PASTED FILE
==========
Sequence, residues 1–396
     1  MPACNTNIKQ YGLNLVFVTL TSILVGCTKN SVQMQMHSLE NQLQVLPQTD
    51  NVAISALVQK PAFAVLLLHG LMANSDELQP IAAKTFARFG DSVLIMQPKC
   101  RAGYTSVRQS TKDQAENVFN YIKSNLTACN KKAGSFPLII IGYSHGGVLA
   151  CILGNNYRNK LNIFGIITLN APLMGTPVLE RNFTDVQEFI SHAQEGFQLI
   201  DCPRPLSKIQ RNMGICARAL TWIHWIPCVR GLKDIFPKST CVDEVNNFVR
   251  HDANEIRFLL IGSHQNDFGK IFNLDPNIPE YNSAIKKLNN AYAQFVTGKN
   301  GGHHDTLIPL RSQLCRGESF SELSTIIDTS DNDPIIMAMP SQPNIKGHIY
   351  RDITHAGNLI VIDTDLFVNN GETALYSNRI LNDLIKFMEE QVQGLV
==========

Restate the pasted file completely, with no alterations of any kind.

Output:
Sequence, residues 1–396
     1  MPACNTNIKQ YGLNLVFVTL TSILVGCTKN SVQMQMHSLE NQLQVLPQTD
    51  NVAISALVQK PAFAVLLLHG LMANSDELQP IAAKTFARFG DSVLIMQPKC
   101  RAGYTSVRQS TKDQAENVFN YIKSNLTACN KKAGSFPLII IGYSHGGVLA
   151  CILGNNYRNK LNIFGIITLN APLMGTPVLE RNFTDVQEFI SHAQEGFQLI
   201  DCPRPLSKIQ RNMGICARAL TWIHWIPCVR GLKDIFPKST CVDEVNNFVR
   251  HDANEIRFLL IGSHQNDFGK IFNLDPNIPE YNSAIKKLNN AYAQFVTGKN
   301  GGHHDTLIPL RSQLCRGESF SELSTIIDTS DNDPIIMAMP SQPNIKGHIY
   351  RDITHAGNLI VIDTDLFVNN GETALYSNRI LNDLIKFMEE QVQGLV